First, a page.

2. Liebenberg, BJ & Spies, SB, eds.  South Africa in the 20th Century.  Pretoria: JL van Schaik, 1993.
  3. Joshi, PS.  The Tyranny of Colour: A Study of the Indian Problem in South Africa. Durban: EP & Commercial Printing Company, Ltd., 1946.
  4. Meer, Fatima. Apprenticeship of a Mahatma.  Durban: Phoenix Settlement Trust/ Premier Press, 1970.
  5. Pampallis, John.  Foundations of the New South Africa. Cape Town: Maskew Miller Longman, (Pty) Ltd., 1991.



[1] 2003

[2] PS Joshi, The Tyranny of Colour: A study of the Indian Problem in South Africa, Durban: E.P. & Commercial Printing Company, 1942, p.60

[3] Gandhi coined the word from sat  (truth) and agraha  (firmness)

[4] Tyranny of Colour, p. 70

[5] TRH Davenport, South Africa: A Modern History, 4th edition, London, 1991, p.241.

[6] Davenport, p. 241

[7] Davenport, p. 241

[8] Davenport, p. 241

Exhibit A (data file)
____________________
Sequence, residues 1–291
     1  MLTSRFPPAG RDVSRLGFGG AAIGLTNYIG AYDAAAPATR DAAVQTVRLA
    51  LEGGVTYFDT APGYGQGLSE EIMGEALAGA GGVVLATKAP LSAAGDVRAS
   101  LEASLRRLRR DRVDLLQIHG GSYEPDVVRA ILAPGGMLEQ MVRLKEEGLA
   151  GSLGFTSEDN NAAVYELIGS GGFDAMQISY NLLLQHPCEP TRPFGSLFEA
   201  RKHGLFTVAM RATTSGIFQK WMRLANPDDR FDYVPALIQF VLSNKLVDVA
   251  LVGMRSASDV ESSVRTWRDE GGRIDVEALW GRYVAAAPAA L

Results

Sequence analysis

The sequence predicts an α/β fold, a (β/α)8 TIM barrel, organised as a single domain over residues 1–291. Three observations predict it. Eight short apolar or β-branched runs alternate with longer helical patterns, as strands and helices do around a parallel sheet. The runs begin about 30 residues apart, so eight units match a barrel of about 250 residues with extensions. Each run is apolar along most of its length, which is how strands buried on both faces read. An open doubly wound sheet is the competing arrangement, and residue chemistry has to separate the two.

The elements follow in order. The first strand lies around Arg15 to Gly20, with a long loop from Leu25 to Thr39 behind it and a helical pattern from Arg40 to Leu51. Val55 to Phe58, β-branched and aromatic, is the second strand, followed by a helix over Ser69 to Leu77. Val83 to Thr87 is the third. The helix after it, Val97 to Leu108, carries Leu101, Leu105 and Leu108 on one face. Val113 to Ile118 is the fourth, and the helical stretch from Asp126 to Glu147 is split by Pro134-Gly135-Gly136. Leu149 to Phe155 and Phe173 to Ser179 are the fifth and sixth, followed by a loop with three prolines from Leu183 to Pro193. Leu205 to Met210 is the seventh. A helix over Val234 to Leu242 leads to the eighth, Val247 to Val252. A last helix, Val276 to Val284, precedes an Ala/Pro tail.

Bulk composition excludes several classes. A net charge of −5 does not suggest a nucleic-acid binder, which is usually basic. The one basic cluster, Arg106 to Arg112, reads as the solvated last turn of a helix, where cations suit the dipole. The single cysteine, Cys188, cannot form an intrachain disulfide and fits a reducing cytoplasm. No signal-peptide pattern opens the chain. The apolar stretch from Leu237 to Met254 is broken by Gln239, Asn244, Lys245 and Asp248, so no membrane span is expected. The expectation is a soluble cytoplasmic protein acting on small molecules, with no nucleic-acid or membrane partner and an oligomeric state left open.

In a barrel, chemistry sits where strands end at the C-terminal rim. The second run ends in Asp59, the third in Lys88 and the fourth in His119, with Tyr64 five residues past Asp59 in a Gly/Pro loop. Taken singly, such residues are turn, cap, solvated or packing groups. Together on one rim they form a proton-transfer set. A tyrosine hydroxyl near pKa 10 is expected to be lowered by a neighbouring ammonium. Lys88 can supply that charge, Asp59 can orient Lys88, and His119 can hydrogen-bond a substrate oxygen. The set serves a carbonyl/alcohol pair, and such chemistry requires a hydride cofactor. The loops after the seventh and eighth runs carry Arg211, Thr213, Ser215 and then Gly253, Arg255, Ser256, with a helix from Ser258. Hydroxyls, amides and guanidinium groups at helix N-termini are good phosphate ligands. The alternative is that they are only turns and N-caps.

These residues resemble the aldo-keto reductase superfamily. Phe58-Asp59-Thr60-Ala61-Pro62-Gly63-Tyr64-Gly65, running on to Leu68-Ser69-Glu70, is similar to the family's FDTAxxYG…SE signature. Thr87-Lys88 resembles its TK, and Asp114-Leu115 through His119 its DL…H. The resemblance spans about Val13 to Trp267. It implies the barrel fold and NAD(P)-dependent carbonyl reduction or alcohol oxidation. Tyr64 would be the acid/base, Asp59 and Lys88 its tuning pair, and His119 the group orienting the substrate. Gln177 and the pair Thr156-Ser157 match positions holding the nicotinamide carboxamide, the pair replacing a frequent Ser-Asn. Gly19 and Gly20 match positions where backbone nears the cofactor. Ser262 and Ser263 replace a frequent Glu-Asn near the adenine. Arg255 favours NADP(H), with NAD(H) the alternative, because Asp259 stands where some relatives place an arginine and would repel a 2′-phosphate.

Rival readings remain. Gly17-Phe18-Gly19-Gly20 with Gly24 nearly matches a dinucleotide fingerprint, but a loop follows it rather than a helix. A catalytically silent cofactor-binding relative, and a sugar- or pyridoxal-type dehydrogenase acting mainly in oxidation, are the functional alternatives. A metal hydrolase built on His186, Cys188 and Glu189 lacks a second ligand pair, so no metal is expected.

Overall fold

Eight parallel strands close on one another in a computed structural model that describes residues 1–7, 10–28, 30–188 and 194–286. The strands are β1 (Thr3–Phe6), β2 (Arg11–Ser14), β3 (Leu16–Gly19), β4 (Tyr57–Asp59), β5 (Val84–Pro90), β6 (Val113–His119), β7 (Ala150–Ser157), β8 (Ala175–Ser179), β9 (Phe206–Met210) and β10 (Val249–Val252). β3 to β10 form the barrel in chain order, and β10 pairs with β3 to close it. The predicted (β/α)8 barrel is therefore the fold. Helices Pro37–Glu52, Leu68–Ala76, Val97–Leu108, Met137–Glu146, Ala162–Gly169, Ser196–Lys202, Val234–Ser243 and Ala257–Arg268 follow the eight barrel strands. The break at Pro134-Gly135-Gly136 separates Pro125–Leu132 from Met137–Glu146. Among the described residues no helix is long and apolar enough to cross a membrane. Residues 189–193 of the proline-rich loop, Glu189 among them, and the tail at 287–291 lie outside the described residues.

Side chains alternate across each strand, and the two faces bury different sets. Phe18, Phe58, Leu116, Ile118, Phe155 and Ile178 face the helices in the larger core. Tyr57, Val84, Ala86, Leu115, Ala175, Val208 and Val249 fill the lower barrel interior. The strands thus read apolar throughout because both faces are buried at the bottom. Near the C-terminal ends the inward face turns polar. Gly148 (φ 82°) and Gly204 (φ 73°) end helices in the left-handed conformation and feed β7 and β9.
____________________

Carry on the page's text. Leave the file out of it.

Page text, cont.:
[9] Davenport, p. 242



1. Searching for one's roots in India is possible only if the forebears came in as indentured labourers. There are no records for those who came in as "Passenger Indians" - i.e. those who paid their own way here and came to seek their fortune in South Africa.
2. One must be able to find the old elongated birth certificate of someone in the family - say an uncle or aunt or grandparents - , to find the indentured labourer's passenger number (on the ship he/she arrived in). This number can be found on the birth certificate alongside the parents' names.
3. Once the number/s are found, tracing roots is easy. A request can be made, quoting these numbers,  for an extract from the ship's passenger list. This can be sent to the Archives in de Mazenod Street in Durban. ( I will find the postal address and email address and send them to you).
The applicant will receive the details on a printed form. These details will include, among others:
Name of the person
Names of parents of the said passenger,
village in India from which they came,
the town/province from which they came,  
name of the ship on which they arrived - and date of arrival,
where they were sent to work as indentured labourers, etc etc.
4. Alternatively, the person searching for his/her roots can find the ship's lists on the internet - type in "Indentured labourers' passenger lists"
5. I will be happy to assist anyone who is searching for family roots. Email me on This email address is being protected from spambots. You need JavaScript enabled to view it.